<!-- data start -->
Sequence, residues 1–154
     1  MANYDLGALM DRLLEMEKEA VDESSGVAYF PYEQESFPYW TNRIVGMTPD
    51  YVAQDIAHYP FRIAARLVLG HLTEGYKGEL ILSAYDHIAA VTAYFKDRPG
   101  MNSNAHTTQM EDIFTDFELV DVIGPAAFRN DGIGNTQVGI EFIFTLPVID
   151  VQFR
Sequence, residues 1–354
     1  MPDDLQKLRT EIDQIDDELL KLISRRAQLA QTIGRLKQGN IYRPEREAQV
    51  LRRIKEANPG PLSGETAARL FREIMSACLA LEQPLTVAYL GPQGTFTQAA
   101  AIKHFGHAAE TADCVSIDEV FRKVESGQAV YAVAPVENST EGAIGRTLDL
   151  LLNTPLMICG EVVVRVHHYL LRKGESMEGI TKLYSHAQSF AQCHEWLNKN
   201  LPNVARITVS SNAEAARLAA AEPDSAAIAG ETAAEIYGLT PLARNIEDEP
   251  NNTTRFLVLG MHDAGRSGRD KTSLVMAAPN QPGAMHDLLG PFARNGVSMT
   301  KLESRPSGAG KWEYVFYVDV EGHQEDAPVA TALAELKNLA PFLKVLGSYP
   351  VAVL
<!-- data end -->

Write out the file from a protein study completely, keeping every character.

Sequence, residues 1–154
     1  MANYDLGALM DRLLEMEKEA VDESSGVAYF PYEQESFPYW TNRIVGMTPD
    51  YVAQDIAHYP FRIAARLVLG HLTEGYKGEL ILSAYDHIAA VTAYFKDRPG
   101  MNSNAHTTQM EDIFTDFELV DVIGPAAFRN DGIGNTQVGI EFIFTLPVID
   151  VQFR
Sequence, residues 1–354
     1  MPDDLQKLRT EIDQIDDELL KLISRRAQLA QTIGRLKQGN IYRPEREAQV
    51  LRRIKEANPG PLSGETAARL FREIMSACLA LEQPLTVAYL GPQGTFTQAA
   101  AIKHFGHAAE TADCVSIDEV FRKVESGQAV YAVAPVENST EGAIGRTLDL
   151  LLNTPLMICG EVVVRVHHYL LRKGESMEGI TKLYSHAQSF AQCHEWLNKN
   201  LPNVARITVS SNAEAARLAA AEPDSAAIAG ETAAEIYGLT PLARNIEDEP
   251  NNTTRFLVLG MHDAGRSGRD KTSLVMAAPN QPGAMHDLLG PFARNGVSMT
   301  KLESRPSGAG KWEYVFYVDV EGHQEDAPVA TALAELKNLA PFLKVLGSYP
   351  VAVL